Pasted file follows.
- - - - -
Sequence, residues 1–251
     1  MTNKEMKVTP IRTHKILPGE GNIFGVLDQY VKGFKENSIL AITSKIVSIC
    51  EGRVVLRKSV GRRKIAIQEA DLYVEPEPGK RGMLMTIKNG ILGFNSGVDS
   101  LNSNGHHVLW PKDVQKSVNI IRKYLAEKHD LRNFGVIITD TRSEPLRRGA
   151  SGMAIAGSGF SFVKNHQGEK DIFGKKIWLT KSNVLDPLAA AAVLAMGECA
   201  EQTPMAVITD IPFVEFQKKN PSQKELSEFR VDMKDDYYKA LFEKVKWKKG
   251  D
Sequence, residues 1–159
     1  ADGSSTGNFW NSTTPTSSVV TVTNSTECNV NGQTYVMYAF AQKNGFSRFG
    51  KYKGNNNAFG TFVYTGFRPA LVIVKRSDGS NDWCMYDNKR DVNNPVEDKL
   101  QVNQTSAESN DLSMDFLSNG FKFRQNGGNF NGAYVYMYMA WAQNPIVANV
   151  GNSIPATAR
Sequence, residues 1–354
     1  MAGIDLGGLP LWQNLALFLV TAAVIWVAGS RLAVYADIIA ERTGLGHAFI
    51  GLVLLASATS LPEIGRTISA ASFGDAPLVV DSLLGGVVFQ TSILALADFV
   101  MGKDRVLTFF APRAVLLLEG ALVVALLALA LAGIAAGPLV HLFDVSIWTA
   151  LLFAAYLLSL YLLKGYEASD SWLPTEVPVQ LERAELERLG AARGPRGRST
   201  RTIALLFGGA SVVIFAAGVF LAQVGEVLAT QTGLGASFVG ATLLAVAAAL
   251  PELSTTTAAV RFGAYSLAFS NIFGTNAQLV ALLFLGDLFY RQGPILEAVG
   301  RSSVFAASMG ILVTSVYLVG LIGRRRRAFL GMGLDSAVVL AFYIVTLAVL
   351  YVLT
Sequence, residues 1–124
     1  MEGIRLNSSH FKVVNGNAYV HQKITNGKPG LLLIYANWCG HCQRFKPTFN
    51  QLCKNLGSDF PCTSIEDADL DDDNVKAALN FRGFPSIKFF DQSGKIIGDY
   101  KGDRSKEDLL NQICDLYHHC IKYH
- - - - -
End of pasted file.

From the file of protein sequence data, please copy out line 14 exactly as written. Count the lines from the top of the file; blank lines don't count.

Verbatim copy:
     1  MAGIDLGGLP LWQNLALFLV TAAVIWVAGS RLAVYADIIA ERTGLGHAFI